There is nothing more nostalgic than a traditional meadow full of grasses and colourful wild flowers, however years of intensive farming have significantly reduced the number of wildflower meadows in Great Britain. Over the past few years I have encouraged my clients to allow a bit of meadow into their own gardens, or at least grow some wild flowers to attract beneficial insects.
A meadow can turn a neglected part of the garden into something incredibly special and worthwhile.
It is generally agreed that the very best soil for meadow flowers is poor and low in fertility to keep any competing grasses down. If you have areas in your garden that seem to be fairly uninhabitable it might be worth trying some wild flowers there. A good idea can be to leave parts of your lawn un-mown to let the grass get to it’s natural height and this way encourage any wild flowers to grow amongst it. It is not advised to sow wild flower seeds onto an established lawn as they probably won’t find the room to grow amongst the close growing existing grass.
A good way to slow down the growth of grass is to sow the area with a semi parasitic wild flower called Rhianthus minor or yellow rattle, this will help the grasses you want to grow and gradually remove those you don’t.
There are two ways to go about achieving a meadow, whether it be large or small and in your back garden. The first is to add in plug plants, which can be easily bought online from various suppliers. I tend to use www.meadowmania.co.uk. It is important to first establish your soil type as wildflowers are fussy and will not simply grow anywhere. It is possible to buy flowers to suit any soil type or situation. Plant these in close groups (about a trowel’s length apart) for a perennial meadow. It is possible to grow these in modules from seed which is a much cheaper alternative.
The second way to get your meadow is to prepare the soil by removing as many of the pernicious weeds as you can during the summer months, particularly dock and nettles and scrape the surface as much as possible to remove the grass and topsoil if you feel the ground is particularly fertile and dig in sand or grit. You may need to rotavate the area and leave for the weed to grow and then remove the weeds and rotavate again.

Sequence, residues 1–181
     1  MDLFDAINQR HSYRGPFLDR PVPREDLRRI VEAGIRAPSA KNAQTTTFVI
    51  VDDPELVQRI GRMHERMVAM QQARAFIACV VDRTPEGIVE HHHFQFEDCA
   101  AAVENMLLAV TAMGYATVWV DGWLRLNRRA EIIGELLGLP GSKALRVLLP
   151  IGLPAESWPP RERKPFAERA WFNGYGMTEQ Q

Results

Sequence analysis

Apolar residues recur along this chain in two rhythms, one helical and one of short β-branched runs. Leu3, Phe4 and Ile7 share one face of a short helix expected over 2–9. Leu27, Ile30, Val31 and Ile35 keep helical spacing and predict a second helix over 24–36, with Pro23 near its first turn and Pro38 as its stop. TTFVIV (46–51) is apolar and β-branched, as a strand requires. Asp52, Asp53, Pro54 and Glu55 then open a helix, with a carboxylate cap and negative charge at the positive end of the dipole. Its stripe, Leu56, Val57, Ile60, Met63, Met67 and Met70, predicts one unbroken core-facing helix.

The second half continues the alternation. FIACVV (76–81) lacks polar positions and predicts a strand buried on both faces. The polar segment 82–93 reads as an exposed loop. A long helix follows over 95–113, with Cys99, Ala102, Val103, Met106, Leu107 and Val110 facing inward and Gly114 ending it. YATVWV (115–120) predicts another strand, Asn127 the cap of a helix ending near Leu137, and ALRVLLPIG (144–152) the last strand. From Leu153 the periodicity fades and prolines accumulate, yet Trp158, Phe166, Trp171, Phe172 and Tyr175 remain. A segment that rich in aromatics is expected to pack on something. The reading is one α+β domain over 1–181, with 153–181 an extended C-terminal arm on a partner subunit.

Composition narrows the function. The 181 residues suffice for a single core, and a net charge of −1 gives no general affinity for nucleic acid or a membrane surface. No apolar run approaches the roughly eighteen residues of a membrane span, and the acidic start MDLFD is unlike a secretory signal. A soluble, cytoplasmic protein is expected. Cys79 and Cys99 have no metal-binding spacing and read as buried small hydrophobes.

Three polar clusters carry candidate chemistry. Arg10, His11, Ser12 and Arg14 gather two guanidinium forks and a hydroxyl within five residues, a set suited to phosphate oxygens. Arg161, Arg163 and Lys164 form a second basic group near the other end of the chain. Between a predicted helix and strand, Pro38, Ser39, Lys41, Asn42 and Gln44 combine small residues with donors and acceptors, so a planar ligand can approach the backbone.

Go over the soil raking and raking until you get a fine tilth, add more sand if the soil left seems heavy to help the seed to germinate. Work out how much seed you need per metre and mix with some sand to scatter it evenly. Seeding is best done in the autumn although it is possible to seed up to May and even through the summer if you are able to keep watering the area.
For a larger area it is worth including around eighty per cent of wild grasses, these can also be easily found on specialist meadow seed suppliers. A wild flower meadow seed mix could include, Cowslips, Lady’s Bedstraw, meadow Buttercup, Ox-Eye Daisy, Red Campion, Self Heal, Ribwort Plantain, Birdsfoot Trefoil, Musk Mallow, White Campion, Wild Carrot, Yellow Rattle and Yarrow. This range of flowers would extend the season for flowering from spring through to late summer.
The poppies and Ox-Eye daisies will be the dominant plants in the first year and after that the others will have had time to establish and will be more visible.
It’s a good idea to look around and see what else grows naturally in the hedgerows, fields and other gardens around and encourage these to grow in your meadow therefore preserving the local ecology.
The beauty of the meadow lies in its wildness and diversity but this takes work and careful management to keep it going year after year. It does need to be cut regularly during its first year to keep any annual weeds down but after this mow it twice a year and allow the cuttings to lie and set their seed for the following year. Use your imagination to mow paths or shapes into the grass or an edge around the borders in your garden to make maintenance easier.
It will take time for the meadow to establish but all this hard work and effort is absolutely well worth it.